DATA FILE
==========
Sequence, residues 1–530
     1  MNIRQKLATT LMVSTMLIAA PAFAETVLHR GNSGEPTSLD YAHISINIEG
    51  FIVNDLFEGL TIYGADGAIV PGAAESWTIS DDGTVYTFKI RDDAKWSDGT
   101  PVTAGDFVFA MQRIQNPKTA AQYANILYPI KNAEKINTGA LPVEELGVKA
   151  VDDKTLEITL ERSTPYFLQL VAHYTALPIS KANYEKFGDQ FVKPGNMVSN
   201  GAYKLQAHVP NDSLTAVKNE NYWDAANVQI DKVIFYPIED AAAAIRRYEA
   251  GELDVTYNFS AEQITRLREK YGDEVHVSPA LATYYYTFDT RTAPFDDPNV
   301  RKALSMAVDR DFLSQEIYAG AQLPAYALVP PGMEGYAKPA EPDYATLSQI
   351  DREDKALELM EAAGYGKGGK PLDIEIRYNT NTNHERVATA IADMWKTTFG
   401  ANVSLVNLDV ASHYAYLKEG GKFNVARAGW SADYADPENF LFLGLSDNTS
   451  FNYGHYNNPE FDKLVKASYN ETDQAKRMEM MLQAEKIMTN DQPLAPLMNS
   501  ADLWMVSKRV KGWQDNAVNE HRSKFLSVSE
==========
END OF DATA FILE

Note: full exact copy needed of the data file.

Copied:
Sequence, residues 1–530
     1  MNIRQKLATT LMVSTMLIAA PAFAETVLHR GNSGEPTSLD YAHISINIEG
    51  FIVNDLFEGL TIYGADGAIV PGAAESWTIS DDGTVYTFKI RDDAKWSDGT
   101  PVTAGDFVFA MQRIQNPKTA AQYANILYPI KNAEKINTGA LPVEELGVKA
   151  VDDKTLEITL ERSTPYFLQL VAHYTALPIS KANYEKFGDQ FVKPGNMVSN
   201  GAYKLQAHVP NDSLTAVKNE NYWDAANVQI DKVIFYPIED AAAAIRRYEA
   251  GELDVTYNFS AEQITRLREK YGDEVHVSPA LATYYYTFDT RTAPFDDPNV
   301  RKALSMAVDR DFLSQEIYAG AQLPAYALVP PGMEGYAKPA EPDYATLSQI
   351  DREDKALELM EAAGYGKGGK PLDIEIRYNT NTNHERVATA IADMWKTTFG
   401  ANVSLVNLDV ASHYAYLKEG GKFNVARAGW SADYADPENF LFLGLSDNTS
   451  FNYGHYNNPE FDKLVKASYN ETDQAKRMEM MLQAEKIMTN DQPLAPLMNS
   501  ADLWMVSKRV KGWQDNAVNE HRSKFLSVSE